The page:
As mentioned in the previous chapter, in 1962, Patrick Willmore moved from Cambridge to Edinburgh, managing a small Seismological Research Group, which was a joint venture of the Royal Observatory Edinburgh, and Edinburgh University (Fig. 48). In the unpublished draft report of the British Association Committee for 1965, Willmore referred to two groups, one belonging to the Observatory and one to the University, but the evidence indicates it was one group administered by the University’s Department of Astronomy. Willmore’s interest was in developing a compact, high-frequency instrument suitable for field deployment, using radio-linking and tape storage. The most successful of Willmore’s designs was the Mk III instrument. No longer was it necessary to connect a seismometer to a photographic recording system that required the paper to be changed each day. The Willmore Mk III could be installed on a remote hilltop, and radio-linked to a base station where the signal could be stored as an audio file on magnetic tape. For this, slow running, FM magnetic tape systems were used, which recorded up to twelve seismometers continuously. The most advanced of these (the Geostore) recorded for one week, at 16 Hz bandwidth, between tape changes.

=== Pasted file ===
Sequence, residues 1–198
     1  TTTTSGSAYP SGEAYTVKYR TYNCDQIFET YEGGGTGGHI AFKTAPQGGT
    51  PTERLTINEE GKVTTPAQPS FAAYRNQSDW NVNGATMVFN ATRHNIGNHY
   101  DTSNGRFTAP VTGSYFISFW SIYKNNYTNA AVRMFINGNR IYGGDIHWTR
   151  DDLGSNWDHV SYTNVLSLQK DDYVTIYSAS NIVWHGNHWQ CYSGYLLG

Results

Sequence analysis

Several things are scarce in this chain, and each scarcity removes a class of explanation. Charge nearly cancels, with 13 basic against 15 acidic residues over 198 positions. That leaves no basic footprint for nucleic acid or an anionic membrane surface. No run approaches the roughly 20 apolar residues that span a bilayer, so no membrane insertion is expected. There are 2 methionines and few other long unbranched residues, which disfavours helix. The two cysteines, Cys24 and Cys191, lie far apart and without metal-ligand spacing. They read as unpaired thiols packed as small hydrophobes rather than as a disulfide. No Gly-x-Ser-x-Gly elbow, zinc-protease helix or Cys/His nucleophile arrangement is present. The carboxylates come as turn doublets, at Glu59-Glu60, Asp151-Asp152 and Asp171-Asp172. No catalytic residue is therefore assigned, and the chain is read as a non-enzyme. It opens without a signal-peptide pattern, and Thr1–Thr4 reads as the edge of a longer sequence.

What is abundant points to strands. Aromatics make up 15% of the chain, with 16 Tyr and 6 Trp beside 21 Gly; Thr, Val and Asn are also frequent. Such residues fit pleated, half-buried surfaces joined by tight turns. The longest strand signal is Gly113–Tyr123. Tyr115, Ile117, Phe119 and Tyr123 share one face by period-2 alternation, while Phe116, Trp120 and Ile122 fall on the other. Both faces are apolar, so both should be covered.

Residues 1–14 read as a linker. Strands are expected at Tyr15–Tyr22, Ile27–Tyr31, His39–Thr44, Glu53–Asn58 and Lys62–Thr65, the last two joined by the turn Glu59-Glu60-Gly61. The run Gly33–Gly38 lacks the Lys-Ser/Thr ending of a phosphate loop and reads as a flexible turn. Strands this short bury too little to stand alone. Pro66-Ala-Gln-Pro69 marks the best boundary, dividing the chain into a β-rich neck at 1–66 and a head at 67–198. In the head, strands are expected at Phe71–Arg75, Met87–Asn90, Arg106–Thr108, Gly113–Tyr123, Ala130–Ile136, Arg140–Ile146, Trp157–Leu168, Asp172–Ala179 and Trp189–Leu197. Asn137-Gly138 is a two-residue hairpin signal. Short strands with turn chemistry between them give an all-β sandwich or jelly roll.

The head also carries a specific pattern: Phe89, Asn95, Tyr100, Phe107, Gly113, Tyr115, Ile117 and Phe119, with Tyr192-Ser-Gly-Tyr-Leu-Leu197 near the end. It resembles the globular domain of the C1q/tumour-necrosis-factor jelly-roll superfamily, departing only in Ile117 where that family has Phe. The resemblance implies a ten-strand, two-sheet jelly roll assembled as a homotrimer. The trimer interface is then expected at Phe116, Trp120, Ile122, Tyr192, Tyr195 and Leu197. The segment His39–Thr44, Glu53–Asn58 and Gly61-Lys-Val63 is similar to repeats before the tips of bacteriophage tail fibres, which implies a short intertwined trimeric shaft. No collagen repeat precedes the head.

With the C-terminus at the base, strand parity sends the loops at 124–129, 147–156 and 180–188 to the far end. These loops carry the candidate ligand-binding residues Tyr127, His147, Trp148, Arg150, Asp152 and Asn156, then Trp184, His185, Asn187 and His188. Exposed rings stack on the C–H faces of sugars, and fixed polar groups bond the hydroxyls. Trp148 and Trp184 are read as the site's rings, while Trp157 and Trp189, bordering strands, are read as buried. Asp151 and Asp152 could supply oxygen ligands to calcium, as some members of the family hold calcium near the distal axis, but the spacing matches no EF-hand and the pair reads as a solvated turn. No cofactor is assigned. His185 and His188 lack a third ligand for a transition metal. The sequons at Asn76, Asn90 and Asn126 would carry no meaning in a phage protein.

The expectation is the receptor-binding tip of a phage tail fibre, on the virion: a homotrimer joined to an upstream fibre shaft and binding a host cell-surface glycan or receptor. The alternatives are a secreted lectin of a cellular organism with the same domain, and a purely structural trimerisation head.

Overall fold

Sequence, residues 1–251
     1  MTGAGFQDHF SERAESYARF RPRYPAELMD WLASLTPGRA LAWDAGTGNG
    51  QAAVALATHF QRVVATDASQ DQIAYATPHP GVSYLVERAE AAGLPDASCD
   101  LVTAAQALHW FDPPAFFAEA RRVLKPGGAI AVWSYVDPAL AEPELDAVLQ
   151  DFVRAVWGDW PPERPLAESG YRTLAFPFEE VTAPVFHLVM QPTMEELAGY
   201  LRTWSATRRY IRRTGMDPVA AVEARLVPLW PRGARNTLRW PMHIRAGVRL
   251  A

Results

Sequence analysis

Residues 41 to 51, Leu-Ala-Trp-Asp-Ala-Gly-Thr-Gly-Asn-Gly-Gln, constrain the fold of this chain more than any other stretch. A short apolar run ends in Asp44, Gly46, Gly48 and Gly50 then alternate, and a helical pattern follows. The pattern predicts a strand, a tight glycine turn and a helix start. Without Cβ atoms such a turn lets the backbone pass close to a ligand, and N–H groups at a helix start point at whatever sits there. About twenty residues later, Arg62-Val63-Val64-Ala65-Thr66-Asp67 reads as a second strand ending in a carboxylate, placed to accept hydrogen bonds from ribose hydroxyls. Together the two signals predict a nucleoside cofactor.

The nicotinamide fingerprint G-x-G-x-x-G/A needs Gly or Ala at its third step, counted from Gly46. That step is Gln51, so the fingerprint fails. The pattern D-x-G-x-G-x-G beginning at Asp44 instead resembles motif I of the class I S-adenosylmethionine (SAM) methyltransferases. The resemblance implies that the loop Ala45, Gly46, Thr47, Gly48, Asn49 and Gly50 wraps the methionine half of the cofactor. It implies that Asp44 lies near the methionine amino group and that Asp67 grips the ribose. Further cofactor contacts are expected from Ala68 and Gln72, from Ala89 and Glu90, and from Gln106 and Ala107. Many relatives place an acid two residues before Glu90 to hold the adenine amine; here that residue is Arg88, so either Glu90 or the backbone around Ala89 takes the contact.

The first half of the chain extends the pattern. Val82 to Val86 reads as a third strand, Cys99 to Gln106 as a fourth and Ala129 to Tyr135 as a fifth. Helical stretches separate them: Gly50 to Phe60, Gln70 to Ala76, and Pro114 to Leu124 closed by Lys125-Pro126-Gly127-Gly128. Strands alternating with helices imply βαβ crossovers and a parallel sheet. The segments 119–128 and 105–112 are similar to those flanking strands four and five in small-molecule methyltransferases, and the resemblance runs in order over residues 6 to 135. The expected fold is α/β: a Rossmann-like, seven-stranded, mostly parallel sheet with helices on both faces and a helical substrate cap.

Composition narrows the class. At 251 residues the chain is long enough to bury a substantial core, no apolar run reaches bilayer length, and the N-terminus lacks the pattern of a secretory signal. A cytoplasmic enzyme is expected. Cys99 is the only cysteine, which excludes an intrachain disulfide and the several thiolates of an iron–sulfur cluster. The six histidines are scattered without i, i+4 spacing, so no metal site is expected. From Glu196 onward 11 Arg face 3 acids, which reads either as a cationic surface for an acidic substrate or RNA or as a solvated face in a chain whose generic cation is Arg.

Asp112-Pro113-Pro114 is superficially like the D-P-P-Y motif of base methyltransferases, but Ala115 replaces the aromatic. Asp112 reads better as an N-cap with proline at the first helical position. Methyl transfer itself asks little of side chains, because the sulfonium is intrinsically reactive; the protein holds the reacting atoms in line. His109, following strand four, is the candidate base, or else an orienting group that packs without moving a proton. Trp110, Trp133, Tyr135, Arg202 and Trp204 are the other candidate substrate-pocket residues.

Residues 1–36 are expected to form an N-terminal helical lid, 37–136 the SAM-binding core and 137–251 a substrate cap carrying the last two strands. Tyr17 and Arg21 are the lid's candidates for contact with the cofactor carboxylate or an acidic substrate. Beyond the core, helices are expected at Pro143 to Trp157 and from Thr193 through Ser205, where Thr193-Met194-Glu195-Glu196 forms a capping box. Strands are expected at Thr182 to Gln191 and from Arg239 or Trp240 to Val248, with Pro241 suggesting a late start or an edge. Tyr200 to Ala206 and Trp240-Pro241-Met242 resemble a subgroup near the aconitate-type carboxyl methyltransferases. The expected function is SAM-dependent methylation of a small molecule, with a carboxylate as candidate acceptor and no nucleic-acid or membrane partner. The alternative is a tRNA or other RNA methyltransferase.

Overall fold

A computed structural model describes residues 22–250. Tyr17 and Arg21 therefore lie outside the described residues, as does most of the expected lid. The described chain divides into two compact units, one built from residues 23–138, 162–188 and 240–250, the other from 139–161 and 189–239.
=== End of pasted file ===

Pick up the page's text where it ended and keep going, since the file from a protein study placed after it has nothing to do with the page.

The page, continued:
Fig. 48

Aerial view of Blackford Hill, Edinburgh. South Oswald Road is just off the image to the left (BGS archive image)

In 1965, a major reorganisation of British science was instigated following the Science and Technology Act (Bowie 2010), and a number of environmental science agencies were grouped together under the oversight of the newly-created Natural Environmental Research Council (NERC). These included the Geological Survey of Great Britain, which was merged with the Overseas Geological Surveys and renamed the Institute of Geological Sciences (IGS). The Geological Survey had at that time a number of regional offices, including one in Edinburgh for what had originally been the Geological Survey of Scotland. NERC, in its Royal Charter, was specifically given responsibility for seismology in the UK.

13.1 Instrumental monitoring of British earthquakes after 1970